Adam A500

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(Redirected from M-309 CarbonAero)

Adam A500 during flight test at the Mojave Spaceport
Role Civil utility aircraft
National origin United States
Manufacturer Adam Aircraft Industries
First flight July 11, 2002
Status Production completed
Number built 7
Developed into Adam A700
The M-309 CarbonAero technology demonstrator on display at Wings Over the Rockies Museum in May 2007.
Adam A500 during flight test at the Mojave Spaceport
Adam A500
The M-309 CarbonAero technology demonstrator at Mojave

The Adam A500 is an American six-seat civil utility aircraft that was produced by Adam Aircraft Industries. The aircraft is of pod-and-boom, push-pull configuration with its two Continental TSIO-550-E piston engines mounted to provide centerline thrust.

Design and development[edit]

The A500 was developed from the M-309 CarbonAero technology demonstrator designed by Burt Rutan and built by Scaled Composites at the Mojave Airport. The "309" designation refers to this being Rutan's 309th aircraft design. The 309 first flew in March 2000, but the aircraft has since been gutted and was used as a static display outside the Adam Aircraft Industries headquarters.[1] In 2006 the 309 was loaned to the Wings Over the Rockies Air and Space Museum and is now on display.

Compared to conventional twin-engine installations, the centerline thrust arrangement reduces drag and maximizes the controllability of the aircraft should one engine malfunction or fail. This engine configuration was used by the similar Cessna Skymaster. The A500 airframe is largely built of carbon fiber epoxy composite materials with a Nomex honeycomb core. Other features include cabin pressurization.

The prototype A500 first flew on July 11, 2002, and was FAA certified in May 2005.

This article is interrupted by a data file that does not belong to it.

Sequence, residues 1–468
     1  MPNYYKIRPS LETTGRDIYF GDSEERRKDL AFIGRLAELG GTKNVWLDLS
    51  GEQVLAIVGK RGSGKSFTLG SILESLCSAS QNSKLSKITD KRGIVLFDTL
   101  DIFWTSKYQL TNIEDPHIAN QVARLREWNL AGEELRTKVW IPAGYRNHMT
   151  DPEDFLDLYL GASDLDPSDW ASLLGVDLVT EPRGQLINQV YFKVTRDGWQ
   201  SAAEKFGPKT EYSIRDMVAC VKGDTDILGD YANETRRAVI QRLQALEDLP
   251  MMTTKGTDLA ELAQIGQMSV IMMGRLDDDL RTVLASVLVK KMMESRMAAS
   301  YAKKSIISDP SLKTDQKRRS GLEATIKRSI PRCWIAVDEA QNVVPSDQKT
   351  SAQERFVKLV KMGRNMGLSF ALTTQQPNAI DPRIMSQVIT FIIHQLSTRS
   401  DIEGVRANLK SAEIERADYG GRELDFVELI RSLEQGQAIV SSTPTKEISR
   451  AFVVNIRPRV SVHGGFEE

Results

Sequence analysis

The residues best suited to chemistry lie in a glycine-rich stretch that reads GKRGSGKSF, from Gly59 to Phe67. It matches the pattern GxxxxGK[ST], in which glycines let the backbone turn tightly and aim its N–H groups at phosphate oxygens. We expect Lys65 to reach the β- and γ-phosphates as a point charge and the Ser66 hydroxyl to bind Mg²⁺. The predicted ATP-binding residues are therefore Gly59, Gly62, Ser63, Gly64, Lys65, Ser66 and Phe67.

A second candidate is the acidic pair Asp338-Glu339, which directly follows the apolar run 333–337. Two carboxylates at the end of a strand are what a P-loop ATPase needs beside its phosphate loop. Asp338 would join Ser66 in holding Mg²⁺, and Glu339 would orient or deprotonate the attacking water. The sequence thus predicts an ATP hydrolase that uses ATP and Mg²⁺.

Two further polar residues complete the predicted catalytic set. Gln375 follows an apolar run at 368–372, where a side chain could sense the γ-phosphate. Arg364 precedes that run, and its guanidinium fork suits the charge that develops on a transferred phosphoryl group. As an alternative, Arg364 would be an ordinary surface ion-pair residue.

Adam Aircraft ceased operations on 11 February 2008,[2] and filed for Chapter 7 bankruptcy on 19 February 2008,[3] having delivered seven A500s.

In April 2008 Adam Aircraft was purchased from bankruptcy by AAI Acquisition Inc. At the time of purchase this new company indicated that they would pursue certification of the A700 jet as a priority and that the A500 would not be produced due to the continuing poor market for piston-engined aircraft. AAI went out of business in April 2009 without producing any aircraft.[4][5][6]

In July 2009 there was an indication that a new buyer, Thomas Hsueh of Triton America based at Skagit Regional Airport in Burlington, Washington, was interested in purchasing the A500 design and returning the aircraft to production.[7]

In April 2011 Triton Aerospace announced that they had acquired the assets of Adam Aircraft including the aircraft type certificate and intend to return the A500 to production.[8][9]

In April 2011 Triton Aerospace announced that they will redesign the aircraft using what Thomas Hsueh, owner of Triton Aerospace, termed "proper engineering" to shed 1,000 lb (454 kg) of empty weight and recertify it with the intention of putting it back into production. The aircraft will also be changed to a turboprop, with twin engined and rear-engined-only versions. A new prototype was expected in 2013 with re-certification to follow. Hsueh indicated that for now production is planned for the US, but costs may require moving the assembly line to China or even a lower cost country such as Mexico.[10][11]

By 2013 the Triton website had been taken down and the URL sold. It is likely that the company has gone out of business.[12]

A500 payload issues[edit]

In evaluation flights conducted in 2007 the A500 was noted as being over the projected empty weight by 1,260 lb (570 kg) or 30%.[13]

The initial design empty weight publicized in 2003 was 4,200 lb (1,910 kg), while the actual empty weight of the serial number 7 A500 was 5,460 lb (2,480 kg). Initial gross weight was to be 6,300 lb (2,860 kg), which was increased to 7,000 lb (3,180 kg). This resulted in a change of useful load from a forecast 2,100 to 1,540 lb (950 to 700 kg).[13]

With the 230 US gal (870 L) fuel tanks full, the available payload for crew, passengers and baggage is 160 lb (73 kg), down from a projected 720 lb (327 kg). This means that the A500 cannot carry full fuel and one standard weight adult male or female pilot.[13][14]